Treblemakers Music Blog

22 Sep 2017

A Few Benefits of Learning Music

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Instant gratification: With so many things in life you don’t get to see rewards, especially right away, but with music you work hard at something and you come away with a song.

The power of communication/ interaction with others: When you perform with others, you get to be heard but you also learn that in order to be heard you need to listen. Being in sync with others is satisfying. No one likes to feel as if they are all alone in what they think and feel. No matter how much we want to be unique and individual we do still need that connection with others. We need to feel like someone else understands us. In order to be understood, you need to know how to communicate.

Performing with others also teaches us to compromise. It can’t be ‘all you all the time’. If everyone in the group takes an ‘all me, all the time’ perspective, the music is a train wreck. This reflects life. We need to work together and consider the desires and needs of everyone. In jazz there is a thing called trading twos (or fours). It’s something that happens in soloing. Rather than one person taking a solo and improvising over an entire section, the performers take turns two (or four) measures at a time. In this everyone isn’t just randomly playing (or expressing) what they want or feel. They pass on themes and ideas to each other. It is everyone communicating and getting a chance to speak on a subject within a conversation. And then there is the main body of the song where what you play is a part of a whole. This is the common ground where you have to be thinking of the big picture; what’s going to be best for the song not just what’s the most satisfying for you.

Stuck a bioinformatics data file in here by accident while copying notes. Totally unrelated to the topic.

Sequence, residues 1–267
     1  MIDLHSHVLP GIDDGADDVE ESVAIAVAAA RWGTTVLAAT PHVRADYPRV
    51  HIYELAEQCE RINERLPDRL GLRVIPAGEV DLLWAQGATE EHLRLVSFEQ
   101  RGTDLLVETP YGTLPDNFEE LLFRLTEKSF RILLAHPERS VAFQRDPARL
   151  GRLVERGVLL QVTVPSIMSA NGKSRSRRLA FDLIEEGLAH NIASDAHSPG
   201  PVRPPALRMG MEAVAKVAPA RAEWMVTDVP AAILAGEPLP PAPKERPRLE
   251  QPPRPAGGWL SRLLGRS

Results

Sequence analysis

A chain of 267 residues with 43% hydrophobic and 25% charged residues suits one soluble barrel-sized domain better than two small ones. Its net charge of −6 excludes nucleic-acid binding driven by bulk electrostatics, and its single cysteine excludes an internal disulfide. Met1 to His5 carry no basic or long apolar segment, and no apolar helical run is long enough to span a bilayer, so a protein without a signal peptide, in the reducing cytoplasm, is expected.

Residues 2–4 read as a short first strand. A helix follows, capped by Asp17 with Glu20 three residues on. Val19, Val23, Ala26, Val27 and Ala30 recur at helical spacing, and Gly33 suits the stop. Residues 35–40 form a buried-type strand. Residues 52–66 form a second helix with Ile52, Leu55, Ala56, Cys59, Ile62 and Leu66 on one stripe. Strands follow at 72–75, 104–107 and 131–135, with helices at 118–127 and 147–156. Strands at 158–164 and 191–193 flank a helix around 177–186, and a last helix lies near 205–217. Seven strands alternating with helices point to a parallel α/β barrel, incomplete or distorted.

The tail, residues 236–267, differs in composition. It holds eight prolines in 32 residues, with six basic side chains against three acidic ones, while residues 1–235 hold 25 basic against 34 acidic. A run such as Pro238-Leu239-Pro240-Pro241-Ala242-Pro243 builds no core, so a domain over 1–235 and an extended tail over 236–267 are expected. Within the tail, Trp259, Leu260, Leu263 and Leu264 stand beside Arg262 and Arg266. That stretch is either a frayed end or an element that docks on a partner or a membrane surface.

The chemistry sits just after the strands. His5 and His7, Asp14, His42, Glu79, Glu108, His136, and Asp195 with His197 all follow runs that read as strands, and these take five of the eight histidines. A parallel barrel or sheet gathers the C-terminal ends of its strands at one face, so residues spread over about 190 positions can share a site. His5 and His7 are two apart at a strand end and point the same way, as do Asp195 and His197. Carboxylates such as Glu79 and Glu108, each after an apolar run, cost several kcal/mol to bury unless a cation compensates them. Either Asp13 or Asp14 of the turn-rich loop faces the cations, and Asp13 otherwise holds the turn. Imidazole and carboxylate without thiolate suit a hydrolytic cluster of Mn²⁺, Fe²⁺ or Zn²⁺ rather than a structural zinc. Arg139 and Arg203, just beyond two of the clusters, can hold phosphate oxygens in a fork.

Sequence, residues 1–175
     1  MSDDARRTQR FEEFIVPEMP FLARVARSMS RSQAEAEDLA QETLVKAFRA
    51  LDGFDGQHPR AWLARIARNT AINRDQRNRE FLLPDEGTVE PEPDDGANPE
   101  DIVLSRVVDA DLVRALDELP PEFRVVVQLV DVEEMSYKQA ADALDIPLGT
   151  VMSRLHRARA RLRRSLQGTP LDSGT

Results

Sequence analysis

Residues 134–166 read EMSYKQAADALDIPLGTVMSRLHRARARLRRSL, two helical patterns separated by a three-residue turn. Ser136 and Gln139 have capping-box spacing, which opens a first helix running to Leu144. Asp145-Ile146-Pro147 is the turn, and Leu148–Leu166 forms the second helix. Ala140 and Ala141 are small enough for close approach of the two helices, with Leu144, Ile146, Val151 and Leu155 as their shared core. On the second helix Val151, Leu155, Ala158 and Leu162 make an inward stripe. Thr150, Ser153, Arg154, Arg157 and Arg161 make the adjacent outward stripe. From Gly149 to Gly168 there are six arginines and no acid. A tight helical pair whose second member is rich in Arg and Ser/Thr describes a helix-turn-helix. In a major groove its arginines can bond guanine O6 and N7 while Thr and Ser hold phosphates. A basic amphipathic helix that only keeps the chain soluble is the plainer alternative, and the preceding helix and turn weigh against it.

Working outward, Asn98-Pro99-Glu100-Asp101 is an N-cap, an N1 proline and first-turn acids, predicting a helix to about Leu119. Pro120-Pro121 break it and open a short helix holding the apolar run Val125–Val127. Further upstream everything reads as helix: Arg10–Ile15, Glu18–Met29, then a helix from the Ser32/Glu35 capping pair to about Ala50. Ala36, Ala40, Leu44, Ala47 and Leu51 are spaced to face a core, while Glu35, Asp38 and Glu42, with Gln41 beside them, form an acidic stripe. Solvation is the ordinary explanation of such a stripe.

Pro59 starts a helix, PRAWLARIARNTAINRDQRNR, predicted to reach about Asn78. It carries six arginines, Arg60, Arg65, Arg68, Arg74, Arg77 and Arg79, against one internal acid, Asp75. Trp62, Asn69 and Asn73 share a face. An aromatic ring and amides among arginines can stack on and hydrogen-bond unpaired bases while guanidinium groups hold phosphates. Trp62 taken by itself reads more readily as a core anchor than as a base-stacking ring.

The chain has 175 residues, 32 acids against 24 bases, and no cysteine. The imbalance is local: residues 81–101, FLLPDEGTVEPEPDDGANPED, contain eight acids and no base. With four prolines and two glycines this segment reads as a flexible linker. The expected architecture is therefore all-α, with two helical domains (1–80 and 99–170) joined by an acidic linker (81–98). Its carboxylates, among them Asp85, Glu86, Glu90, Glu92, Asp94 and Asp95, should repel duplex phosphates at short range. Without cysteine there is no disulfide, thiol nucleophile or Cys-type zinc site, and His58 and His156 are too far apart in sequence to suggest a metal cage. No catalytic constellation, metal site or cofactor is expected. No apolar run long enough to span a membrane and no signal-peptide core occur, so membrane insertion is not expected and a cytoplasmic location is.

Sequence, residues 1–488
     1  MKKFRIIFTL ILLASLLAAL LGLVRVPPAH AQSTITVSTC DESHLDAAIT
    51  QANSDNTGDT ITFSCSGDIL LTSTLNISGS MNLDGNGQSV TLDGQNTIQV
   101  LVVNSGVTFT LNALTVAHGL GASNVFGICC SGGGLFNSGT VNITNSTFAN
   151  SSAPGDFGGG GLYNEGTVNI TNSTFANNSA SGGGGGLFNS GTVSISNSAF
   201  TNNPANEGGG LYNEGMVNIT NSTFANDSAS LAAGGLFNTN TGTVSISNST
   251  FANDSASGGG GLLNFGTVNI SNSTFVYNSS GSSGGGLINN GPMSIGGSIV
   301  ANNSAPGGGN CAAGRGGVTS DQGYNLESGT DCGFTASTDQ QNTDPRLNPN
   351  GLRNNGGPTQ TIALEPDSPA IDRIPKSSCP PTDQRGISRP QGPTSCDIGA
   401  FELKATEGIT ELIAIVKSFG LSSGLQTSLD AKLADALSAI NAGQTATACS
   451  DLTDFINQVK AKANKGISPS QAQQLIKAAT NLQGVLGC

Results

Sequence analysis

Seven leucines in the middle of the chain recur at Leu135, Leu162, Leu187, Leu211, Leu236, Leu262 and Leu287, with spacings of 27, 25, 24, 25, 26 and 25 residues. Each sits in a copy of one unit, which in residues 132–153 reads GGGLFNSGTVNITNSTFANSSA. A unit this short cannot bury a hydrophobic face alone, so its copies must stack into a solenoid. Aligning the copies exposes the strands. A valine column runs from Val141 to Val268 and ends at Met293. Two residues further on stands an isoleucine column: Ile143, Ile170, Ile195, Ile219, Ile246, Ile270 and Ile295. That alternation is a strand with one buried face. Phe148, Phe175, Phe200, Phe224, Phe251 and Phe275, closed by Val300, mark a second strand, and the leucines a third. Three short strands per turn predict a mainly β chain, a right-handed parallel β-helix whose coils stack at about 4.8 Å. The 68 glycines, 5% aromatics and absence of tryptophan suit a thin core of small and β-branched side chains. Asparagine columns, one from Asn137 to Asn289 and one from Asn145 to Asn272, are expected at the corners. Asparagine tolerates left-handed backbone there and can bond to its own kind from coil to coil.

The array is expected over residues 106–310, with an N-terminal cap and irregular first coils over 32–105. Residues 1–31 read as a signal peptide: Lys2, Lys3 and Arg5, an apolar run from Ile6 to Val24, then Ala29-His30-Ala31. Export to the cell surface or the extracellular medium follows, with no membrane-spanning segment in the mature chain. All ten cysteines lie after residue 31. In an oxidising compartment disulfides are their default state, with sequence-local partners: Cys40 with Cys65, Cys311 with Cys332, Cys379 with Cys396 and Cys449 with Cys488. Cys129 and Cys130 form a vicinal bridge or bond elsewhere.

One of the most amazing things that happens when you play music with the same person or people often is that you develop the ability to communicate nonverbally. I had a friend that I sang with all the way through junior high and high school. We sang as part of a larger choir but also in smaller groups and did a lot of duets together. We became so attuned to each other that we could stop and restart with each other perfectly in sync during practice without any word or signal. Singers who sing with others have to learn to be completely in sync. They need to pronounce words identically, match every syllable, start and stop together and even breathe together. Direct eye contact is often used by singers and musicians to communicate with each other. (often they’re hands or mouths are busy playing an instrument) Direct eye contact when held for more than a second or two is taboo in most other social situations. It is instinctively perceived as too intimate or a territorial challenge. Lovers hold direct eye contact and so do two people about to fight. Both are reading each other and communicating. Interacting musically is very intimate yet it doesn’t breach any boundaries that make it dangerous to us or upset societal roles and order, yet it does give us a deeper communication with each other that is healthy.